“We have discussed the importance of reverence and examined some of its meanings. We have also offered several suggestions about promoting reverence at home and at church. The real improvement in actions of the people, however, will come as local leaders and families combine their efforts to overcome their specific reverence problems. We envision an effort throughout the Church to improve reverence. …
“True reverence is a vital quality, but one that is fast disappearing in the world as the forces of evil broaden their influences. We cannot fully comprehend the power for good we can wield if the millions of members of Christ’s true church will serve as models of reverent behavior. We cannot imagine the many additional numbers of lives we could touch. Perhaps even more important, we cannot foresee the great spiritual impact on our own families if we become the reverent people we know we should be. That we might work to develop greater reverence in our lives is my prayer” (We Should Be a Reverent People [pamphlet, 1976], 1–4).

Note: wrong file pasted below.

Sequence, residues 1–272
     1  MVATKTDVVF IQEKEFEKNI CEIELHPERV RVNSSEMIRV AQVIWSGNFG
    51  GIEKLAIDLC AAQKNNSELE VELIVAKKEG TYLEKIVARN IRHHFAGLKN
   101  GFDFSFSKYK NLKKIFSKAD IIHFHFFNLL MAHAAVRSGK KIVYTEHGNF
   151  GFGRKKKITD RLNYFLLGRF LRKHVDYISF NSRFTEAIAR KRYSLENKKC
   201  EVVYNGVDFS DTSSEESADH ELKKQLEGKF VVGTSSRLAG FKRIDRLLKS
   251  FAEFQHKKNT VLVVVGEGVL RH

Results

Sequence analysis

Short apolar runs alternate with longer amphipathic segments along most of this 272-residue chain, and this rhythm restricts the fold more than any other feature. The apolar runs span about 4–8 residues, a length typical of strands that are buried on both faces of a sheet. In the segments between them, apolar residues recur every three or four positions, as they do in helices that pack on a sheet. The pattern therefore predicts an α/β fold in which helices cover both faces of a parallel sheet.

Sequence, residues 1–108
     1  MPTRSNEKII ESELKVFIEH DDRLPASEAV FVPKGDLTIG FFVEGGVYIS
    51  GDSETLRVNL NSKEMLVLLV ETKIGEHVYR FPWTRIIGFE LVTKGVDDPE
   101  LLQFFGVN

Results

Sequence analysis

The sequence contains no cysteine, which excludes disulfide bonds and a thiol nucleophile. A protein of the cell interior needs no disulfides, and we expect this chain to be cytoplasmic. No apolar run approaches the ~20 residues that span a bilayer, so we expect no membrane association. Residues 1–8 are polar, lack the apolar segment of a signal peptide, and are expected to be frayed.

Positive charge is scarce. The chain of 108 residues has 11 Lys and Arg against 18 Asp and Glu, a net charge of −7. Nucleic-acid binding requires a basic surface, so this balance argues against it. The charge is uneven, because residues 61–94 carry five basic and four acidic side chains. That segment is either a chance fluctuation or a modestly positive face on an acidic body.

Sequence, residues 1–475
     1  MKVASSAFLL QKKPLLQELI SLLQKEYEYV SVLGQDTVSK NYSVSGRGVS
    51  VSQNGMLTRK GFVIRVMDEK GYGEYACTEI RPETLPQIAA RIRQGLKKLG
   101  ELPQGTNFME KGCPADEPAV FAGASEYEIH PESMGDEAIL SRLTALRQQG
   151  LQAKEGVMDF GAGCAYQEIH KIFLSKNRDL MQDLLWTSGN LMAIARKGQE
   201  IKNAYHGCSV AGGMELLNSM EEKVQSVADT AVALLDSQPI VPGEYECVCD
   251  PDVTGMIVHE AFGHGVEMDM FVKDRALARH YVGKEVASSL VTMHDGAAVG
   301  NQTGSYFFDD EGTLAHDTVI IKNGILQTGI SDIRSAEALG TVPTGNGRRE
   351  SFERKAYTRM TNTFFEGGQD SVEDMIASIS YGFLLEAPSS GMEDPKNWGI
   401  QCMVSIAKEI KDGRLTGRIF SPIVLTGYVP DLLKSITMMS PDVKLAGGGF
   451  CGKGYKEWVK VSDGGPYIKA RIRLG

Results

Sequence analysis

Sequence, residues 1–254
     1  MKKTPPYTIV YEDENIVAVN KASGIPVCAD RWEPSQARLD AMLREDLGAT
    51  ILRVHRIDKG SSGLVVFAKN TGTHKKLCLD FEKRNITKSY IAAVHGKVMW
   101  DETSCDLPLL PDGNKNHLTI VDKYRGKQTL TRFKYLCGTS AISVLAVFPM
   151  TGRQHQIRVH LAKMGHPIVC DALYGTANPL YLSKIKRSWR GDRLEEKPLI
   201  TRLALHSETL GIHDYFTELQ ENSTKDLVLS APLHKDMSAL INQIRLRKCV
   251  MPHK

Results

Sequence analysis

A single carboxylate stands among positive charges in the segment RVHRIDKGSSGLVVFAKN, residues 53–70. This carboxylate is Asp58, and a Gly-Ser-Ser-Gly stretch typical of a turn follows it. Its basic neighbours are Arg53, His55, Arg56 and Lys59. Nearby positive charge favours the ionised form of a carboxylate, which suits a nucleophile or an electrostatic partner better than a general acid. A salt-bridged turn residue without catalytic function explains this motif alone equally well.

How can parents help their children enjoy church meetings and be more reverent? After class members have responded, have someone read the following suggestions:
“Parents can help their children enjoy church meetings by—
“1. Participating in Sunday School and sacrament meetings with their children.
“2. Making preparation for meetings pleasant and unhurried.
“3. Arriving five to ten minutes before the meeting is scheduled to begin.
“4. Sitting together as a family.
“5. Discussing a talk, message, musical number, or other aspect of the meeting afterward” (Spencer W. Kimball, We Should Be a Reverent People, 4).
Display visual 7-a, “We should be reverent and teach our children to be reverent in the chapel.”
How can we teach reverence to small children? After class members have responded, have someone read the following suggestions: